Still, many of us experience that once-in-a-lifetime love and let it go. Why? Is it because life gets in our way? Or do we implode upon our own sense of the cosmos, the love of nature or the love of God? Do we causally fling ultimate love for the here and now, only to sit upon the bench of life’s autumn morn’ and look past our wrinkles, faded hair and life regrets hoping to once more dance a ballet long past due?

Oh ye young lovers, poets and romanticists at heart, love challenges. Wanting love is not enough. You must hunger for it. To overcome it, your motivation must be absolutely compelling. You must fight time … the illusion we live forever and remember life’s limitations. Had we, many would be in love with those whom God intended.

It’s important to note that Berlin tried to visit Anna again, but was refused, as Anna worried that her son might be re-arrested for associating with an ideologically western philosopher.

So, to those suffering from loss, I can say there are little Bodhi tree revelations. What I learned of moving is rather anti-climatic. Simply put, life goes on … with or without us. I chose not to let go of my moments with her simply because many of them were so blessedly beautiful. And what she loved in me can be given unto others every day.

Listen to Anna:

        And there is warmth in his hand – 

        My Guest from the Future – a light 

        Turning left from the bridge, tonight?

So if one ever comes close to the “perfection of art,” that Promised Land of love, open it, accept it and never let it go. For the remainder, the Promised Land of love resides on the other side of your own wilderness. Are you willing to cross it to get there?

Pass The Hamm’s

Hamms-beerVisiting octogenarians often holds its own rewards. And like stories passed from one generation to another, I often find octogenarians equally humbling and thought-provoking. Thus, yesterday’s visit with my parents proved no exception. The following is a summary of questions these octogenarians exposed.

Huddled in the retirement center’s clubhouse, an enclave of retirees parsed stories from the local daytime temperatures, events and best salad bars within five miles. Some octogenarians had voice capabilities of 350 words per minute, with gusts up to 500.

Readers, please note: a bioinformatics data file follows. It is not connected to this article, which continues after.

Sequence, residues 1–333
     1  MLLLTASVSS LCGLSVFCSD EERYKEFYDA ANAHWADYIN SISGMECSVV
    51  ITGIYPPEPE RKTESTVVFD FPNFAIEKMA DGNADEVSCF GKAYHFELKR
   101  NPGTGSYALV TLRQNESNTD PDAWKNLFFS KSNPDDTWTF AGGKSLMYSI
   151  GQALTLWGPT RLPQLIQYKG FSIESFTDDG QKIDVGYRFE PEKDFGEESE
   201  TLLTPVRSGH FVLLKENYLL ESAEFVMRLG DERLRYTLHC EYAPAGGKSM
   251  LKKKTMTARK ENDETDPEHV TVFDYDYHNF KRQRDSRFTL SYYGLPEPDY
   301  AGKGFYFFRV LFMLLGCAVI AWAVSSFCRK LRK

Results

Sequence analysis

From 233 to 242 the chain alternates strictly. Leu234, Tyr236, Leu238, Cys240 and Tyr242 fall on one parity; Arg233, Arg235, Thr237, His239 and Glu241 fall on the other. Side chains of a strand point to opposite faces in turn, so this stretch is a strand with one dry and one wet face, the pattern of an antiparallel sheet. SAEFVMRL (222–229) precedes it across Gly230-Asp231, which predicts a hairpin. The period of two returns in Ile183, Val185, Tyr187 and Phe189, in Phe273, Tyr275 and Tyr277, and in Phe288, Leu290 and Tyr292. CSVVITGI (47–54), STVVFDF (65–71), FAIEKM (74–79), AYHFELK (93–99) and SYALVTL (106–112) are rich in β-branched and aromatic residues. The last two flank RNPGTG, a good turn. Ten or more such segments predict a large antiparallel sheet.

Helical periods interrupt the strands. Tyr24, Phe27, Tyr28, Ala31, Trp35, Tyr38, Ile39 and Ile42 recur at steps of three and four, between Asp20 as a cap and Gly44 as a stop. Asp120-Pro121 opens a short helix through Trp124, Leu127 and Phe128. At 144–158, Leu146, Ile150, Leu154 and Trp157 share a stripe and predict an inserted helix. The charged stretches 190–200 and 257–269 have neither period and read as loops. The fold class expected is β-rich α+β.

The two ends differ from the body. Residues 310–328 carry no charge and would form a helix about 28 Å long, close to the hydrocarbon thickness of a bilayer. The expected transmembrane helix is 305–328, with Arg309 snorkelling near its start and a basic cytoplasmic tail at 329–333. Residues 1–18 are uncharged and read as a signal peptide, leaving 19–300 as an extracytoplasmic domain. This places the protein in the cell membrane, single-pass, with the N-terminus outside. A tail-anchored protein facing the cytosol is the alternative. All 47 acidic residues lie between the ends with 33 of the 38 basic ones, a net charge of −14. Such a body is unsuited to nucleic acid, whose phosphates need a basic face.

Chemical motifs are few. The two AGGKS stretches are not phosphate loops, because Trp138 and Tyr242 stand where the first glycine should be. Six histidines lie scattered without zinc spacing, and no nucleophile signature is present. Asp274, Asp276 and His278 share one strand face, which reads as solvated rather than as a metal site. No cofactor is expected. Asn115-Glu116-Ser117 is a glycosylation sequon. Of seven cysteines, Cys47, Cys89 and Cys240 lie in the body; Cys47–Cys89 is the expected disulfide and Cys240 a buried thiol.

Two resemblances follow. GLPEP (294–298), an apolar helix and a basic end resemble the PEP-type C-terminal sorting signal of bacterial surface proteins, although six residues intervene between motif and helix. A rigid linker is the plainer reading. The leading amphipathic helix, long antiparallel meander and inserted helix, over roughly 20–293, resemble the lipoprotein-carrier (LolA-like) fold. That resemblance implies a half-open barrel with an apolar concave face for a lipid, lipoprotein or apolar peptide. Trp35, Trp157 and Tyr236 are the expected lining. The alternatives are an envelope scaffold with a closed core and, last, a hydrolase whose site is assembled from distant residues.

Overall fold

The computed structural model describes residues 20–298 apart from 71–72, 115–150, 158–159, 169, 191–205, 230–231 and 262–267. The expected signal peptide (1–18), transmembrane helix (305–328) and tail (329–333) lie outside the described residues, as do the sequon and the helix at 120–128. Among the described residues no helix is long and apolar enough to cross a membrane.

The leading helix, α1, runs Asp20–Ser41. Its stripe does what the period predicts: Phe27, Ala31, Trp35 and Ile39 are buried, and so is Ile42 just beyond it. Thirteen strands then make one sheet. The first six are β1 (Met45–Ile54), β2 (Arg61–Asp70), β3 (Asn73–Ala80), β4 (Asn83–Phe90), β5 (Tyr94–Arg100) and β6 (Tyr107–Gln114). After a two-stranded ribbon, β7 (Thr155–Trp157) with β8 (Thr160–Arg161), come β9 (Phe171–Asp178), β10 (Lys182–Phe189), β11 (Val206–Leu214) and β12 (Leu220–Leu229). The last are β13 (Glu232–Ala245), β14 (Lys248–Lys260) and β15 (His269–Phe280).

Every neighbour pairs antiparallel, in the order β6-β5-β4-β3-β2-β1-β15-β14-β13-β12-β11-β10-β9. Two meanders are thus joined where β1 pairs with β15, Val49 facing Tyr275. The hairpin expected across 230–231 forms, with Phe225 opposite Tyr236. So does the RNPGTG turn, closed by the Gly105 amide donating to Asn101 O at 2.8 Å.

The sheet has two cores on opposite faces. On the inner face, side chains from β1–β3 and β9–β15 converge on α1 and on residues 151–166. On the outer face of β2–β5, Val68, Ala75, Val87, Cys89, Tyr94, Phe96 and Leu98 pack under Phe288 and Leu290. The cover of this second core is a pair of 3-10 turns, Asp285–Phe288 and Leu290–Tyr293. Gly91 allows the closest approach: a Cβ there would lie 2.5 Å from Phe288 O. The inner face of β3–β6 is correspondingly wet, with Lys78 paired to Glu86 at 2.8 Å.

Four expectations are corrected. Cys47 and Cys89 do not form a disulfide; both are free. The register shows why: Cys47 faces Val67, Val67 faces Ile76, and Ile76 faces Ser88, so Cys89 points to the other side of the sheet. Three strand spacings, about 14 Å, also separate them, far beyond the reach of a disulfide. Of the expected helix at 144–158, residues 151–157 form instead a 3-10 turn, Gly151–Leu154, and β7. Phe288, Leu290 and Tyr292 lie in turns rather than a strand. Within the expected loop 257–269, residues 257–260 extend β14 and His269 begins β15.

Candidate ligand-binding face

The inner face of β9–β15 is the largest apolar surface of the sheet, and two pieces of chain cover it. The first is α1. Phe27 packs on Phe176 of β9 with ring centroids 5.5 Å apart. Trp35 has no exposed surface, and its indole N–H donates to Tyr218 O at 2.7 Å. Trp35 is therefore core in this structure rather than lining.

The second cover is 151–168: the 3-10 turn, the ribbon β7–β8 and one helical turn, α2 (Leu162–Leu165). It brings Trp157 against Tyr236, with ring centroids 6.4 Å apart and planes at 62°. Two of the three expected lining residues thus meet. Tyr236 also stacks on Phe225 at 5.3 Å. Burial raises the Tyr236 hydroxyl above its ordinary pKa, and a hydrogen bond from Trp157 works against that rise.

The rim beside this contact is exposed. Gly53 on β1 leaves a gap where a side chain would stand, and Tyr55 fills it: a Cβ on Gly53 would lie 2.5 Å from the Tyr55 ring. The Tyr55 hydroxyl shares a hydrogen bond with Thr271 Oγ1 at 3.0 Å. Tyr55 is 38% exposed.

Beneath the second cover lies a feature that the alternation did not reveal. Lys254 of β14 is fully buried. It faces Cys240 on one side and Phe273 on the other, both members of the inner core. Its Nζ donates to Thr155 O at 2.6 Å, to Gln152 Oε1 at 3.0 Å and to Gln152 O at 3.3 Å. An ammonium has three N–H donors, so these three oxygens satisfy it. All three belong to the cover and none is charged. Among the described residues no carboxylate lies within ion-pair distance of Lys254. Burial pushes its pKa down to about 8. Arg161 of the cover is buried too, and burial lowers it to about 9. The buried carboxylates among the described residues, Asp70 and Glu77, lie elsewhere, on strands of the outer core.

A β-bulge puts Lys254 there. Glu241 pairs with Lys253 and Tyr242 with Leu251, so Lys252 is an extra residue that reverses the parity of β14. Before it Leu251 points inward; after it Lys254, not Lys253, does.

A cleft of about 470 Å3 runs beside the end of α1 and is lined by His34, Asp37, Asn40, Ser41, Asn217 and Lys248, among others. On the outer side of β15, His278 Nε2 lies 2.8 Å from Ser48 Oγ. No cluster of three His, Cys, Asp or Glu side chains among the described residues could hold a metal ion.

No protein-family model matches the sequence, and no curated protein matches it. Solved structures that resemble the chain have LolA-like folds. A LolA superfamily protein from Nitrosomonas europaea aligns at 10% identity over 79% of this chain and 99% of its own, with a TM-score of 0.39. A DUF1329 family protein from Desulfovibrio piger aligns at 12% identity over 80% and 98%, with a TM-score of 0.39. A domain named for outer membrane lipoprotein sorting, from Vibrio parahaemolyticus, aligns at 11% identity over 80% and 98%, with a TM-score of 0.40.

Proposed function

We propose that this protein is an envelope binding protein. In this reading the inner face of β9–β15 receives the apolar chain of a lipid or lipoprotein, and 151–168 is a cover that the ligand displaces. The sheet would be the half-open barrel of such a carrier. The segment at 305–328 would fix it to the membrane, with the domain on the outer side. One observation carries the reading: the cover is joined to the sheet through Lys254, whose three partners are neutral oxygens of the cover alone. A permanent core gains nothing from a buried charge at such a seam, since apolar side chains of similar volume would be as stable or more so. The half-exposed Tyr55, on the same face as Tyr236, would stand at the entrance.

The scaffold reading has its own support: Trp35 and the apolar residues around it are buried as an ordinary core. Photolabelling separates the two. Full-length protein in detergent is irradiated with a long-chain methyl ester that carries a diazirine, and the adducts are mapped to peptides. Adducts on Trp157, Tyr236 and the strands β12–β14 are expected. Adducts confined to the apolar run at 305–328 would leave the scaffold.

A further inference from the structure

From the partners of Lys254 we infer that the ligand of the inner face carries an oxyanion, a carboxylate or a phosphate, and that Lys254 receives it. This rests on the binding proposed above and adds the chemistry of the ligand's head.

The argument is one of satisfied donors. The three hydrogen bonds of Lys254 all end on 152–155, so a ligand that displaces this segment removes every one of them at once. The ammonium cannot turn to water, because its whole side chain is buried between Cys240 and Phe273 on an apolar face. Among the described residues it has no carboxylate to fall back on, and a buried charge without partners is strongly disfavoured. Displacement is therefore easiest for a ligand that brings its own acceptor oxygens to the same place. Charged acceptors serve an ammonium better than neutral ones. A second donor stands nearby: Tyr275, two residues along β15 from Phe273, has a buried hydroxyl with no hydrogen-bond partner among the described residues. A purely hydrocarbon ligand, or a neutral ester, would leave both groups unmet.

Suddenly, one octogenarian caught a local televangelist program storming up God’s salvation and heaven.Oh good God,” he exclaimed.All I want to know is whether there’ll be Hamm’s Beer? If they (sic) ain’t no Hamm’s, why go?”

This seemingly funny comment set off a firestorm of comments.

Better yet,” piped another,What will we do in Heaven? Do we just sit and sing wonderful songs to God?  If we do, that could get tedious. I mean, singing for the first thousand or so years sounds great, but that third thousand … man, that will suck. I’d probably go to God and say, “Got anything else?””

Everyone burst into laughter.

Won’t be tough if you have some Hamm’s.”

Another pondered out loud,Wonder if they’ll have the New York Times? I have to have the New York Times to do my morning constitutional?  Hey, do you think they’ll have gold toilets?”

Everyone erupts in laughter.

Hell, I’d settle for constitutional.”

Another bout of laughter.

Hey,” interrupted another.How come there’s no pictures of heaven? Think about it, if a hacker can bypass China’s state censorship, how come someone up there can’t sneak the world an old photo. If Snowden can get U.S. secrets out, how come no one has gotten photos out of heaven? Why can’t someone pass the Archangel Michael a note on the side …. Hey deliver this to my stupid neighbor on Elm Street –  your dog still sucks.

Yeah, what’s the deal with that,” another affirmed.

What about Lawrence Welk,” queried one?Does he still play?”

Absolutely not,” confirmed an octogenarian in the corner.I heard Welk was playing and God fell asleep. So he was never asked to play again. I’ll have ah-one, ah-two, ah one, two, three, four…..zzzzzzzzz